The side effects of this venom are not minor and avoidable. There are three distinct types of toxins in the venom. These toxins can poison nerves and break down the red blood cells. As a result, the victim can suffer from reduced blood flow, body aches, muscle spasms, as well as respiratory diseases. It can also cause dizziness for the victim. You might even suffer from a nasty case of inflammation. However, the initial sting and inflammation isn’t even the most dangerous thing about the catfish venom for humans.

Secondary bacterial and fungal infections sometimes follow the initial effects. The bacteria and fungus can enter through the puncture wound created at the spot or when pieces of the spine and other tissue break off in the wound. In this case, the effects can last up to several months to follow. It’s noteworthy that all the effects listed above will almost never come from a single catfish bite. This is because, according to Wright’s study, all three toxins weren’t present in any of the catfish he examined. The effects are just an overall list of possibilities.

Do Catfish Have an Invasive Nature?

Yes, some catfish are notoriously known for their invasive nature. If they are not controlled from the very beginning, they can take over an entire pond or river within a fairly short time. That’s why anglers are encouraged to aim for catfish that have an invasive nature. The invasive nature of catfish is not exactly their fault or the fault of whoever owns the pond, for that matter. It is just a natural phenomenon that ends up causing trouble for some. Actually, this phenomenon occurs mainly because of their diversified diet.

By nature, catfish are omnivores. So their diet ranges from seaweeds to smaller fish, insects, and other aquatic organisms. They can travel to different parts of the water in search of food, so they have a higher ability to thrive in different places. It can become detrimental to smaller fishes of those regions, but that’s how it goes.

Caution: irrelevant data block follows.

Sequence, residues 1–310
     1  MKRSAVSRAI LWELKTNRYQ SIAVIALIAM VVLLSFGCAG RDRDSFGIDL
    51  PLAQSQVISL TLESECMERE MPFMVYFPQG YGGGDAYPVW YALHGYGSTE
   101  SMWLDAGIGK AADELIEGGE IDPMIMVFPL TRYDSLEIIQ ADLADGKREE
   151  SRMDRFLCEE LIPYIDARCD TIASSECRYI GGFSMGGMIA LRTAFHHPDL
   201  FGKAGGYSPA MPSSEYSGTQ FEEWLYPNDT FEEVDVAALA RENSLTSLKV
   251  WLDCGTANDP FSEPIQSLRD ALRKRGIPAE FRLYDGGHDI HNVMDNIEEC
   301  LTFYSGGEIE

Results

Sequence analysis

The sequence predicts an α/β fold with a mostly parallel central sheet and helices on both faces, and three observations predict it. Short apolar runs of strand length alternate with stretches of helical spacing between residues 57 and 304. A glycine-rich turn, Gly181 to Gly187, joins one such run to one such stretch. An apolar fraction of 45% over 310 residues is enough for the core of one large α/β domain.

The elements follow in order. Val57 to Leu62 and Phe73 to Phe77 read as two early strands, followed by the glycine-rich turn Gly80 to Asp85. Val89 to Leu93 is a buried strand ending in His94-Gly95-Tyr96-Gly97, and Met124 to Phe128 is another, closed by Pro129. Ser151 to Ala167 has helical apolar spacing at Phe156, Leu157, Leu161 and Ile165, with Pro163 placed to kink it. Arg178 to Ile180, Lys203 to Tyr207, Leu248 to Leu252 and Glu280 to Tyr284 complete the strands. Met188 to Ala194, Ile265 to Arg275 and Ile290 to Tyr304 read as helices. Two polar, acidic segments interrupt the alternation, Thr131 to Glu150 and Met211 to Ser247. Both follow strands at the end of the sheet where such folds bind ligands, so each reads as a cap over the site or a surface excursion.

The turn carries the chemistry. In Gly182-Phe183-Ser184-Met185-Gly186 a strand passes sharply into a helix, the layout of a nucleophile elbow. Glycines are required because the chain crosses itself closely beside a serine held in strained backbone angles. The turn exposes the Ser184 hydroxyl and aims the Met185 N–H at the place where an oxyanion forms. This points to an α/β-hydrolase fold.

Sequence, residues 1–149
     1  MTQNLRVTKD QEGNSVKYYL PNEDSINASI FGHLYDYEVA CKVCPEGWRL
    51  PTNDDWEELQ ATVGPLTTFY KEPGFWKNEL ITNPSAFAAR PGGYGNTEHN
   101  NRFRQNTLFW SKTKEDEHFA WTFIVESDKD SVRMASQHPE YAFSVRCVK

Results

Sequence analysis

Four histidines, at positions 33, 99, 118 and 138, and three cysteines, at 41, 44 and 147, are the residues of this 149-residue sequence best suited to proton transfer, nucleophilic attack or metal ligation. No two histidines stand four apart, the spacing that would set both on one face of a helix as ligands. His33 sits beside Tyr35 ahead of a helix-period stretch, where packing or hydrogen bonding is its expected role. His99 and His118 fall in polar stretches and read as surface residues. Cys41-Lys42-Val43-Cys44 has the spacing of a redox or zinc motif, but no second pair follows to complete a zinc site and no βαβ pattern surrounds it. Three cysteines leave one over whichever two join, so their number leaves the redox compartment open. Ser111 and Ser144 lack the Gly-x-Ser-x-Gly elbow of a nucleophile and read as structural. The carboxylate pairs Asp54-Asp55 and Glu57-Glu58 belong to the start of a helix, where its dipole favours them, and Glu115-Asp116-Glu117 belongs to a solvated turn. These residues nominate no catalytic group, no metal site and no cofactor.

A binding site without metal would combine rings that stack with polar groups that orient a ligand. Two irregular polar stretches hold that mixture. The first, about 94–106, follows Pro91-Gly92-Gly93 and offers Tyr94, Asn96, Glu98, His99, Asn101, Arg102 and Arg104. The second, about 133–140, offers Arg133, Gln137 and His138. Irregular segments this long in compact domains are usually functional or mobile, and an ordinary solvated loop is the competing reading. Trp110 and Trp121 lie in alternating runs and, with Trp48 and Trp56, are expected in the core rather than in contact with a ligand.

On top of that, their growth rate and their reproductive rate are much faster than the average fish. Hence they both multiply in number and grow in size, and then they spread to different parts of a water body for food and thus become invasive.

Which Catfish Have an Invasive Nature?

However, not all catfish show that big of invasive tendencies. There are mainly two types of catfish: the blue catfish and their cousin, the flathead catfish.

The blue catfish is originally native to the Mississippi, Missouri, and Ohio River basins. Several decades ago, the state introduced the flathead catfish into Virginia waters. The purpose of doing so was to establish a recreational fishery. In fact, the multiplying speed of the blue catfish is so high that it will only take a few weeks or months for the population to reach a level that threatens the normal ecological balance of the river.

Now it’s unimaginable to be anywhere near the James River and not encounter these catfish. They have more or less spread to much of the Chesapeake Bay region. From the studies conducted about the invasive nature of catfish, some solutions have been proposed for people who want to keep the number under control.

Conclusion

Dangerous catfish aren’t something you need to be super scared of. Most anglers know how to identify them. Moreover, if they are found in a particular region, the relevant agencies are notified immediately. So you can just avoid those areas when you go fishing!